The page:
DNR Announces 2009-2010 Early Migratory Game Bird Seasons
Annapolis, MD – The Maryland Department of Natural Resources (DNR)
today announced the 2009-2010 early migratory game bird hunting seasons.
The dove season marks the traditional start of hunting activity each year in Maryland and will open Tuesday, September 1 and continue through October 10. The second and third split seasons will be November 14 to 27 and December 18 to January 2. The daily bag limit for doves has been increased to 15 this year.
Maryland’s woodcock season is split into two segments, November 7 to 27 and January 15 to 23.
The early resident Canada goose season will open September 1 and run through September 15 in the Eastern zone. In the Western zone, the season will continue through September 25. The daily bag limit is eight geese per day. During the early resident Canada goose season hunters are allowed to use shotguns capable of holding more than three shotshells and shooting hours are extended to one-half hour past sunset.
“Both blue-winged and green-winged teal populations are well above their long term averages and the US Fish and Wildlife Service (USFWS) has approved additional days for the September teal season,” said DNR Game Bird Section Leader Bill Harvey. “We are pleased to offer hunters more opportunity for these early migrants this year.”
The dates for the September teal season are September 16 to 30. A description of the September teal season zone can be found at http://www.dnr.maryland.gov/huntersguide/ewfchart.asp. Shooting hours for the September teal season are sunrise to sunset.
Official shooting hours are one-half hour before sunrise to sunset for all migratory game bird hunting EXCEPT for:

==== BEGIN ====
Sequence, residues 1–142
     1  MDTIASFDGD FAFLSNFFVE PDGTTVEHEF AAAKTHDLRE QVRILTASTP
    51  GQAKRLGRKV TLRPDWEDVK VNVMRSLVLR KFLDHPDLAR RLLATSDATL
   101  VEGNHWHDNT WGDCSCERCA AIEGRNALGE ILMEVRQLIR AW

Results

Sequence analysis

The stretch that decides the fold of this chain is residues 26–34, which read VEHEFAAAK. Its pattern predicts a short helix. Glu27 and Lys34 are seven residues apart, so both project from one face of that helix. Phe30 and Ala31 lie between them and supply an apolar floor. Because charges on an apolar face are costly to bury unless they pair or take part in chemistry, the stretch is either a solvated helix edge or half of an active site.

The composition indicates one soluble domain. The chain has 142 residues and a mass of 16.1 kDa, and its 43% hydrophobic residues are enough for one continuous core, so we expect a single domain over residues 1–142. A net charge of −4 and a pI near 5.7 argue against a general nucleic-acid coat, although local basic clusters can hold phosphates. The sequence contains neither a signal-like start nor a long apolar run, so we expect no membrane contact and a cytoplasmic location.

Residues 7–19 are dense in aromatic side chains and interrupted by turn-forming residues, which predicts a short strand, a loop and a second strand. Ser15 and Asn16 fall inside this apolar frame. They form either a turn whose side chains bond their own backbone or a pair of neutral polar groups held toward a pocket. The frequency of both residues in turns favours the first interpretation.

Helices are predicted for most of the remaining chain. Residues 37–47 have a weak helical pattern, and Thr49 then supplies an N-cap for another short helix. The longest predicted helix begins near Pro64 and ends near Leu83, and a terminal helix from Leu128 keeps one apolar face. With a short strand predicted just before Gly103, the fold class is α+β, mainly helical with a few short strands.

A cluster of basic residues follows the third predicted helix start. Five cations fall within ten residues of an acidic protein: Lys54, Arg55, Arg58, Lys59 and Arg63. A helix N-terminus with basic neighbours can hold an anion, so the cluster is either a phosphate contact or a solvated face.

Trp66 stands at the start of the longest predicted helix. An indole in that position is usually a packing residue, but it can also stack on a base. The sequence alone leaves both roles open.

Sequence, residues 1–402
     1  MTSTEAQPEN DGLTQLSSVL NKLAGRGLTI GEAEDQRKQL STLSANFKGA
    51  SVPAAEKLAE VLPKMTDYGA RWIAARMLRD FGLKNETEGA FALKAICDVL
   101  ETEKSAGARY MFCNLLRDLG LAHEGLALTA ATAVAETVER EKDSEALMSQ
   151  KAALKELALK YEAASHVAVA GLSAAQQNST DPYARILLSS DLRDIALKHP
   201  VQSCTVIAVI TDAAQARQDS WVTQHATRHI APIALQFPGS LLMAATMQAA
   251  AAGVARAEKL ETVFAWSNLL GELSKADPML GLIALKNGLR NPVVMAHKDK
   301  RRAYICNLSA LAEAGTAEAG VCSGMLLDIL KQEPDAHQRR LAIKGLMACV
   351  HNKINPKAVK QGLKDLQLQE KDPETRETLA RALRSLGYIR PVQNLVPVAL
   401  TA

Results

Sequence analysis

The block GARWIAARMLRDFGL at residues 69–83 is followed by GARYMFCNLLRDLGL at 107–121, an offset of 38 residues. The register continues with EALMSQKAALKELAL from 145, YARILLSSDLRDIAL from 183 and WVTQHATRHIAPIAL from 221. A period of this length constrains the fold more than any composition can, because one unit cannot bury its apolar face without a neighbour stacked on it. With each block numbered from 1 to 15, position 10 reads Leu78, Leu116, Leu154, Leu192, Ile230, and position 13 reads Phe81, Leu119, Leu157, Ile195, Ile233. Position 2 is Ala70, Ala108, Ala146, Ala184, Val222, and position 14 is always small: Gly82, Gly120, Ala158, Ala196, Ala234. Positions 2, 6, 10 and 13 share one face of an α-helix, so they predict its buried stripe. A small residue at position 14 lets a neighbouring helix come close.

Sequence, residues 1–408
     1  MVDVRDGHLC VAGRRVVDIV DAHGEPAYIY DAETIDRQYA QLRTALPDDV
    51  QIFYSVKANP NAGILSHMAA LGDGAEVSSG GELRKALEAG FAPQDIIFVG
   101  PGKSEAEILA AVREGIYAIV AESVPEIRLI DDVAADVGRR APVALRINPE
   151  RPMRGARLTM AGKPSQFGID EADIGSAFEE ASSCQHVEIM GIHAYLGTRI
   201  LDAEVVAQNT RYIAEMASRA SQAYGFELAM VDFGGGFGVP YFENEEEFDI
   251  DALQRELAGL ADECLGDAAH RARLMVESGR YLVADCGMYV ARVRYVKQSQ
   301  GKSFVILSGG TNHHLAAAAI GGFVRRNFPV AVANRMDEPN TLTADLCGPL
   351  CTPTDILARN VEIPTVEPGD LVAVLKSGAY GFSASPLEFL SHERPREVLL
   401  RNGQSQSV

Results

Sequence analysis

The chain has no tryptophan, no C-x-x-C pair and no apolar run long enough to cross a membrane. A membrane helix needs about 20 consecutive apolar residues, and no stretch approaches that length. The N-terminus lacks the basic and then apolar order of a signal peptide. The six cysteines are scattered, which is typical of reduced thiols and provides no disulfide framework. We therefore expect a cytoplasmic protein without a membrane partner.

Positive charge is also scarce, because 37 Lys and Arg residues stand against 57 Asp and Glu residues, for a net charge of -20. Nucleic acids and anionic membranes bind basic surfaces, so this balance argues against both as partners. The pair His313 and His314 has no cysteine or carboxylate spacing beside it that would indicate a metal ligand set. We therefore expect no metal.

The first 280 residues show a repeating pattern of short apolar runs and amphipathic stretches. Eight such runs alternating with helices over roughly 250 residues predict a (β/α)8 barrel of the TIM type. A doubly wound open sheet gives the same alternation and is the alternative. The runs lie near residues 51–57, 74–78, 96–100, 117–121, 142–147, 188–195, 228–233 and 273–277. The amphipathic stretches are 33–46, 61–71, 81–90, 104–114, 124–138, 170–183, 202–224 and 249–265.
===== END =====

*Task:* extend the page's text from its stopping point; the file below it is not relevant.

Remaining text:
- mourning doves during the first season segment, when shooting hours are from noon to sunset,
- teal during the September teal season when shooting hours are sunrise to sunset, and
- early (September) resident Canada goose season when shooting hours are one-half hour before sunrise to one-half hour after sunset. "
All waterfowl hunters age 16 and over must possess the Federal Migratory Bird Hunting and Conservation Stamp (federal duck stamp). Hunters are still required to sign the Federal Migratory Bird Hunting and Conservation Stamp and have it in their possession while hunting waterfowl. Hunters may obtain federal duck stamps at U.S. Post Offices, National Wildlife Refuges, DNR sport license agents, or online at www.duckstamp.com.
Hunters can purchase hunting licenses and Maryland Migratory Game Bird Stamps/HIP Permits online through DNR’s website, https://www3.wildlifelicense.com/md/ or over the phone at 1-800-918-2870. These new services compliment the existing 320 retail vendors that currently sell licenses, permits and stamps.
Nontoxic shot is required for hunting rails, snipe, waterfowl, and coots. Hunters may not possess or use nontoxic shot larger than size T or use or possess any lead shot while hunting these species. Approved types of nontoxic shot and other information on migratory bird hunting is listed in the 2009-2010 Maryland Guide to Hunting & Trapping issued with each hunting license or on the DNR website: http://www.dnr.maryland.gov/huntersguide/index.asp.
For a table that lists the dates and bag limits for Maryland’s 2009-2010 early migratory game bird hunting seasons, visit http://www.dnr.maryland.gov/huntersguide/weblesschart.asp. For a quick reference to the early resident Canada goose and September teal seasons and bag limits, visit http://www.dnr.maryland.gov/huntersguide/ewfchart.asp. Hunters are encouraged to report banded migratory game birds by calling 1-800-327-BAND (2263) or through the Internet at http://www.pwrc.usgs.gov/bbl/.
|August 6, 2009||
Contact: Josh Davidsburg
The Maryland Department of Natural Resources (DNR), which is celebrating its 40th anniversary this year, is the state agency responsible for providing natural and living resource-related services to citizens and visitors. DNR manages more than 461,000 acres of public lands and 17,000 miles of waterways, along with Maryland's forests, fisheries, and wildlife for maximum environmental, economic and quality of life benefits. A national leader in land conservation, DNR-managed parks and natural, historic, and cultural resources attract 12 million visitors annually. DNR is the lead agency in Maryland's effort to restore the Chesapeake Bay, the state's number one environmental priority. Learn more at www.dnr.maryland.gov